Author Archives: Jenny

A Spy by Nature

I chose this book because of Litlove’s recommendation of Charles Cumming as an author of spy novels — a genre I enjoy when they’re any good, and by this time I would follow Litlove anywhere! Spy by Nature, written in … Continue reading

Posted in Fiction, Mysteries | 1 Comment

Grey Mask

Patricia Wentworth’s first Miss Silver mystery doesn’t have nearly as much to do with Miss Silver as I’d have liked. The mystery is a nicely­-tangled (if slightly loosely­-plotted) Golden Age affair of blackmail, mistaken identity, frivolous flappers, a plump inheritance, … Continue reading

Posted in Classics, Fiction, Mysteries | 7 Comments

Solar Storms

I read Linda Hogan’s novel Solar Storms back in January, and since it’s now March, I thought about not writing a review for it at all. But it made such an impression on me, I decided that I would write … Continue reading

Posted in Fiction | 1 Comment

Every Man Dies Alone

Hans Fallada, the author of Every Man Dies Alone, refused to join the Party during the Nazi rise to power, and was denounced by his neighbors for anti-Nazi sympathies. But he opted not to leave Germany during the war. Instead, … Continue reading

Posted in Fiction | 12 Comments

7: An Experimental Mutiny Against Excess

“What sorts of things do you read?” people ask me, when they find out that reading is almost my only hobby. “Almost anything,” I tell them. “All sorts. Horror, romance, literary fiction, mysteries, religion, biography, history, psychology, science writing. Well … Continue reading

Posted in Nonfiction, Religion | 15 Comments

Arsene Lupin, Gentleman Thief

This semester, I’m teaching a class on French crime fiction. Although the genre started in France roughly when British and American crime fiction did (which is to say around the middle of the 19th century), I’m staying inside the 20th century, mostly … Continue reading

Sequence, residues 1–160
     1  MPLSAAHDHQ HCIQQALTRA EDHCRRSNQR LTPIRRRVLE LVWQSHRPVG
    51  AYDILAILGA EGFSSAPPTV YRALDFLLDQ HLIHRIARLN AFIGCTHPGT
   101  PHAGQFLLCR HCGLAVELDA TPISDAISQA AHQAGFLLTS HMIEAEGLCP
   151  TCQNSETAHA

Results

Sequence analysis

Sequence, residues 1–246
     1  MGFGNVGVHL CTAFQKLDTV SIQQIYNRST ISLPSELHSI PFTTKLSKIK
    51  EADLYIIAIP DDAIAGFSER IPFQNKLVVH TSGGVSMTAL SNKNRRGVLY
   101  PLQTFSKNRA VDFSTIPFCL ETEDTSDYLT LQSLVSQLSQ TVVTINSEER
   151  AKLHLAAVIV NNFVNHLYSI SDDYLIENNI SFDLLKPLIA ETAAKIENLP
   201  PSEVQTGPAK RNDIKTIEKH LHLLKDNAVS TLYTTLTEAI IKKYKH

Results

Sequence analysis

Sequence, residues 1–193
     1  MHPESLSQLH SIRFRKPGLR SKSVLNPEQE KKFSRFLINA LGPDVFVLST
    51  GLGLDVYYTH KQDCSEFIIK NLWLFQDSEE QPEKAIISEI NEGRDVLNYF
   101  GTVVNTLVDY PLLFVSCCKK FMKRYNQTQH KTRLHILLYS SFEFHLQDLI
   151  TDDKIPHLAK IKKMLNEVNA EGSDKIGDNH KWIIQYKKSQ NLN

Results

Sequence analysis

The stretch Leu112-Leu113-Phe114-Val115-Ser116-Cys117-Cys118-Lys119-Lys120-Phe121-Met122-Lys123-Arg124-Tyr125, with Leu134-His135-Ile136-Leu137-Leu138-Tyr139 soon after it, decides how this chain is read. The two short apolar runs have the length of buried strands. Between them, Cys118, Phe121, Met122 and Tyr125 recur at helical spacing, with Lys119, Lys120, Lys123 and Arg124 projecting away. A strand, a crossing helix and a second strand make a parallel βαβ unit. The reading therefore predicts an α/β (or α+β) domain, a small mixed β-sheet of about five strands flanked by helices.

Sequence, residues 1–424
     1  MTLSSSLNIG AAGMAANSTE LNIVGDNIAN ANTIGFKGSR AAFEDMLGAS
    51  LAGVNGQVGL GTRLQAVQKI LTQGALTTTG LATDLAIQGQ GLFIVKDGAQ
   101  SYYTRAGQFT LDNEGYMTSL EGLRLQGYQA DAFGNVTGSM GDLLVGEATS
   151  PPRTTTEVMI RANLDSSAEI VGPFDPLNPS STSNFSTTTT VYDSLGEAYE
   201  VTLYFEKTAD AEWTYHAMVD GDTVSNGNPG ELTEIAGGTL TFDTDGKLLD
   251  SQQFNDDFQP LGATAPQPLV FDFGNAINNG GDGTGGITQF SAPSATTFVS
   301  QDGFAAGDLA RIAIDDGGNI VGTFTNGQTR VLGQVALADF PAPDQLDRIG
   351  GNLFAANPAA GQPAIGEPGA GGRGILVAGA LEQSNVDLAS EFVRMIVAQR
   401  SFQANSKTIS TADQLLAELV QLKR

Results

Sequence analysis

Posted in Fiction, Mysteries | 13 Comments

The World Beneath

Twenty-five years ago, Sandy and Rich met as part of “the Blockade,” an environmental protest against the damming of Tasmania’s Franklin River. It worked: the government called off the construction, and Sandy and Rich’s relationship got a lift in the … Continue reading

Posted in Fiction | 6 Comments


Seabiscuit was the biggest newsmaker in the world in 1938, getting more coverage than FDR, Hitler, or Mussolini. But no one would have been able to predict it. He had short, crooked legs, a “sad tail,” and a pedigree that … Continue reading

Posted in History, Nonfiction | 19 Comments

A Fatal Grace

I mentioned right around Thanksgiving that I’d read the first in Louise Penny’s series of mysteries about Chief Inspector Armand Gamache, and the village of Three Pines in Quebec. That it took me only two months to read the next … Continue reading

Posted in Fiction, Mysteries | 2 Comments

From Heaven Lake

Vikram Seth is one of my favorite authors. I’ve read all of his novels, even the one written in verse (and am looking forward to A Suitable Girl, coming out in 2016, ya-hey!) I’ve read his biography of his great-aunt … Continue reading

Posted in Memoir, Nonfiction, Travel/ Exploration | 1 Comment